Hospital Billboards

Do you see any parallel headlines to our auction industry headlines?

Over the course of three days, I happened to drive through West Virginia twice. Both times, I was captivated by a short headline on two hospital billboards on I-64.

“There is no routine cancer.”

Often, hospitals tell you that they’re rated in the top ten in the country for a particular disease center or that they perform [insert number] of a certain procedure per year. Or they wrap some cliché in a font that appeals to AARP members.

But this hospital gets it. They know that a person with cancer doesn’t want to be another notch on an oncologist’s belt. My friends and family who’ve battled cancer definitely didn’t want to be a statistic. On the other end of a biopsy, the patient needs assurance of getting the best medical care possible. They’re looking for signs of two things: expertise and empathy. “There is no routine cancer” communicates the care part of the equation. That message gives the impression that medical professionals will fight to save their lives.

The same desire is true for a large portion of auction sellers—at least those with assets big enough to warrant a proposal or earn a company brochure. They want to know the auction marketer pitching to them will understand their situation, study their asset, and create a custom plan to make the best outcome possible. They want to hear, “There is no routine auction.”

Despite this, auctioneers tend to spend the majority of their pitch on what they tell every seller: “Look at my resumé; I’ve won some accolades and earned some designations. We sell lots of stuff like yours. Auctions are the best.” Most of the company brochures I’ve read express little empathy. Property analysis is usually one of the shortest sections of proposals—if it’s even in there. I’ve seen more market analysis from one meeting with my old REALTOR® than I’ve seen in probably 99% of the seller presentations that I’ve been asked to design.

The good news is that you can be the exception to that rule, and exceptional can give you a competitive advantage.

You can still leverage your experience and accomplishments. They just have to be framed within the context of the seller’s benefit. How does your bid calling competition win benefit them? What did you learn at CAI or CES that you can use for this auction? How do those marketing awards translate into better advertising for the campaign at hand? Your time as a leader in an association gave you what insight that you can implement for the challenge of this sale? How do all those years in the business make you worth that commission number they’re skipping through the proposal to find?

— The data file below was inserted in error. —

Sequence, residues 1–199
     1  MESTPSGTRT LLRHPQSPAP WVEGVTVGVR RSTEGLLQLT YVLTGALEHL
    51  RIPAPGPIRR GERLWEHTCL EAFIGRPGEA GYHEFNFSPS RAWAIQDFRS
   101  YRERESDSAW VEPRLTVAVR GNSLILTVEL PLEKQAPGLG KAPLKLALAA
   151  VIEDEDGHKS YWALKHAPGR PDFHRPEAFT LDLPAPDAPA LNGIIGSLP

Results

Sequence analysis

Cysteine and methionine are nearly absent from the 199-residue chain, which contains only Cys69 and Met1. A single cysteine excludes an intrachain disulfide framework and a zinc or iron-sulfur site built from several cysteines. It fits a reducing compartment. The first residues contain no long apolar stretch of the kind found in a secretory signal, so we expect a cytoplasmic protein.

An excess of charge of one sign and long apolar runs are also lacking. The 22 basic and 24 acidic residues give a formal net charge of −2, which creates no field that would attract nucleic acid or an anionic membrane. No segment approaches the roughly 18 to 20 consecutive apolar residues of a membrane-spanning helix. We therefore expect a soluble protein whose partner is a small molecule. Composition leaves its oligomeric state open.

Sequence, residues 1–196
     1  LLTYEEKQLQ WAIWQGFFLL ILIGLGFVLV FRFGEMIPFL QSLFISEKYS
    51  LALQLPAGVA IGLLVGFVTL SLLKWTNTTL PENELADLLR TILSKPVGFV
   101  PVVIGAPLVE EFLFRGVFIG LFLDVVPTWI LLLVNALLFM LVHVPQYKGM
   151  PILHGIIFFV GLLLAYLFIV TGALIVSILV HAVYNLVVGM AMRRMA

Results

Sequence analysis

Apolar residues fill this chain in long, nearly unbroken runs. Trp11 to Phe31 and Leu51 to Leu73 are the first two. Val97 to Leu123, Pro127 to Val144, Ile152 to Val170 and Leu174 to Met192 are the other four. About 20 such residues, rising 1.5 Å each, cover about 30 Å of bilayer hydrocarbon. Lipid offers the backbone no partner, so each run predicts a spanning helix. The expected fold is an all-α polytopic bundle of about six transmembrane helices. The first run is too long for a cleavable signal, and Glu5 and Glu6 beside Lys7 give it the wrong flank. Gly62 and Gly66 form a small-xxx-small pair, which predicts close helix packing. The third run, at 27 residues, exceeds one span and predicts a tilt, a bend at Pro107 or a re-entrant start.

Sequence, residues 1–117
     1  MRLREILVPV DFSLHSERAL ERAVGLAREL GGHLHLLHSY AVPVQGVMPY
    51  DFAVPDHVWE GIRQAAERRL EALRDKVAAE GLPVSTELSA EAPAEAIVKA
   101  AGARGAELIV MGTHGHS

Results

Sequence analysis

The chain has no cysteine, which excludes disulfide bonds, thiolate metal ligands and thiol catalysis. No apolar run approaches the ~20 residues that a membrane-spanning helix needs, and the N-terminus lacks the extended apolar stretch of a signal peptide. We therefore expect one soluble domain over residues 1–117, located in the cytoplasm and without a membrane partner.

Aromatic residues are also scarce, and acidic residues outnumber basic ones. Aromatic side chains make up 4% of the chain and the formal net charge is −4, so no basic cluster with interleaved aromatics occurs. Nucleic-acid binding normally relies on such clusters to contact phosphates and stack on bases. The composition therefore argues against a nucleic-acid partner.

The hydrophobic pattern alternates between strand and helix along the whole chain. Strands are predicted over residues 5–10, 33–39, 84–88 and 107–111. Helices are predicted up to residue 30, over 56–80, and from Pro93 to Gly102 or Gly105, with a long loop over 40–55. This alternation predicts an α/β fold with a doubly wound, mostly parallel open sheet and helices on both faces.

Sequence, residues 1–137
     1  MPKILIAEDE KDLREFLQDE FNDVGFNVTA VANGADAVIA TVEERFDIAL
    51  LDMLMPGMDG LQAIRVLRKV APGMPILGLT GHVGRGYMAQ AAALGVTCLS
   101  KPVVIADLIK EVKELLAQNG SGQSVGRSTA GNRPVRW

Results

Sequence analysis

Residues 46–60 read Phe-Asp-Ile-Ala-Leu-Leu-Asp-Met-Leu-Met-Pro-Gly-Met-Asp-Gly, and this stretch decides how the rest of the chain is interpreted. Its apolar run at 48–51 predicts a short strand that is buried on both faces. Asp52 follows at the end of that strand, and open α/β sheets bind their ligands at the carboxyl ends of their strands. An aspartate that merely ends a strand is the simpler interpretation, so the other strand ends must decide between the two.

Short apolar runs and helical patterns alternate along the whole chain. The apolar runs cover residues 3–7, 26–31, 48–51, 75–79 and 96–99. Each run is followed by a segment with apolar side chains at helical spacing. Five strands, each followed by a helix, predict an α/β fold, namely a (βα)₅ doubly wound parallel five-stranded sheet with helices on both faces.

I got this wrong for most of my career. I stacked my plaques and auction folders to impress potential clients. I still do. It’s a hard default to reset.

I’m working toward bringing those into context with a different message: “working with assets and winning for auctioneers all over the country has given me insight that might help you.” Hopefully, I’ve given enough information away in emails & on phone calls, in blog posts & on seminar screens to let people know that I’m trying to bring them on that same learning, growing journey—even when I resort to my stats.

How ‘bout you? How could you bring empathy and customization into your presentations? What content do you need to add or emphasize, cut or edit?
[tip]

A woman named Janet walked up to me after a Bible study and told me that years ago her first impression of our church was me greeting her and her husband at their car and walking them into the building. She hadn’t expected that at a church of over 3,000 people. Now, she and Randy are in environments that challenge their faith; and it started with a small gesture to make them feel comfortable and welcomed in a nervous moment.

That story and longer ones have been told multiple times about multiple people on our parking team. Some of the stories give me goose bumps. I like to tell and retell them—especially to my team mates. “What we do here matters! Our impact will never be fully known. Keep your eyes open.”

The gradual compilation of those moments makes you aware of other potential moments. The more you put yourself in another’s glasses, the easier it becomes to see out of yours.

Someday, I hope to bring the empathy to my office that I bring to my church’s asphalt.

[footer] Stock image purchased from iStockPhoto.com. Billboard images obtained from Google Images.[/footer]